POEM: Davis-Besse Nuclear Disaster – “Good Job”

It was early Monday
When the Davis-Besse nuclear plant
Finally ruptured
At the base of Lake Eerie
Weeping poison
From the once-great lakes
Now a watery grave for both sellers
And consumers
Of atomic drivel
For what human remains
The event became known
Simply as “The rupture”
Leaving sleepy millions
In its wake
Sucked into a glowing sky
For who knows watt
Feudal to press release
Fore their heavenly reword
A paradise rolled
Entranced buy snake eyes
In charge of all that meters
Relegating us to hoarse
Silent partners
Dealt a roil flush
In a conniving casino
Pain only in skullduggery
Forging height reason
And absolute in stonewall
As a bet
A dark wager
Echoing in the empty halls
Of unions and
“Good

This poem is inspired the chronic of having lived in the kill zone (50-mile radius) of nuclear reactors most of my .  Currently, is smack dab between two nuclear plants with very safety records, that is, Davis-Besse and Fermi 2.  A nuclear disaster at either of these nuclear reactors on Lake Erie would be catastrophic for both human populations and the entire ecosystem of the Great Lakes region.  For the oft cited improbability of such disasters, I publish this poem around the 3-year anniversary of the Fukushima nuclear reactors melting down, and still melting down with no good end in sight.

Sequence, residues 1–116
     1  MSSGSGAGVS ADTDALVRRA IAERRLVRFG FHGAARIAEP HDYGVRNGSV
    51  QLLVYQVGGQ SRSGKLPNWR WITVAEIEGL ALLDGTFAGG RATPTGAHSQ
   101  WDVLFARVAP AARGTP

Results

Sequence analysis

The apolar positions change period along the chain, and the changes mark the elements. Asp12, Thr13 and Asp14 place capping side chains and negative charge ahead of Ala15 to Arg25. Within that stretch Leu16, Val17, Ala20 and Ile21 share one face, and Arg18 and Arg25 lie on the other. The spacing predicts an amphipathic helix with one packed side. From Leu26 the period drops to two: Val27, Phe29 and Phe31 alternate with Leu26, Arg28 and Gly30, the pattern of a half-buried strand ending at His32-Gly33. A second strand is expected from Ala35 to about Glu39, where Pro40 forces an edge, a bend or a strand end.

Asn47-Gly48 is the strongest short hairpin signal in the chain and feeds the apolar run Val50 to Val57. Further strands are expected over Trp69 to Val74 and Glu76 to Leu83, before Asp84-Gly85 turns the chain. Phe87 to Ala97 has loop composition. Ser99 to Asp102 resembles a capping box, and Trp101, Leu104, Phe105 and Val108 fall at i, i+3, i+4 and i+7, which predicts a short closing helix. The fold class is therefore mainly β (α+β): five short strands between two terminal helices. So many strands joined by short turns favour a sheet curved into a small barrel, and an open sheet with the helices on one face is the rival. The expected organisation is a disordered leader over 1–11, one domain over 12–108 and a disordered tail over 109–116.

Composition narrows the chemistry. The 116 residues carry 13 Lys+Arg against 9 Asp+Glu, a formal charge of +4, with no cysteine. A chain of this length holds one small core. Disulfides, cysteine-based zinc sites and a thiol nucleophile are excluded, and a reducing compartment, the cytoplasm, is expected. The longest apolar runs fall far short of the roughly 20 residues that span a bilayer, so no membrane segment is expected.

The specific theme of this anti-nuclear poem is triggered by multiple disturbing experiences at public hearings on these nuclear reactors.  At such hearings, there is typically a parade of plant union workers — think Homer Simpson — and fawning public officials — think Mayor Quimby.  Their well-orchestrated homilies extol well-paying and how magnificently the plant has overcome past safety failures.  Local cronies typically wax on about how great corporate these huge and hugely irresponsible energy companies are for their patronized communities.  The Nuclear Regulatory Commission (NRC) is a willing conspirator and ringmaster to this circus of assurance.  I am particularly disturbed by how enthusiastically workers, and specifically , are willing to any , however “well-paying,” that endangers and .  Though, if you’re going to destroy the planet, I suppose it seems better to get well-paid along the way.

The farcical facade of nuclear safety has been exposed in three not-so-easy steps: Three Mile Island, Chernobyl, and Fukushima.  I, for one, am not waiting for a twelve step program to shutter the drunken gait of the nuclear industry.

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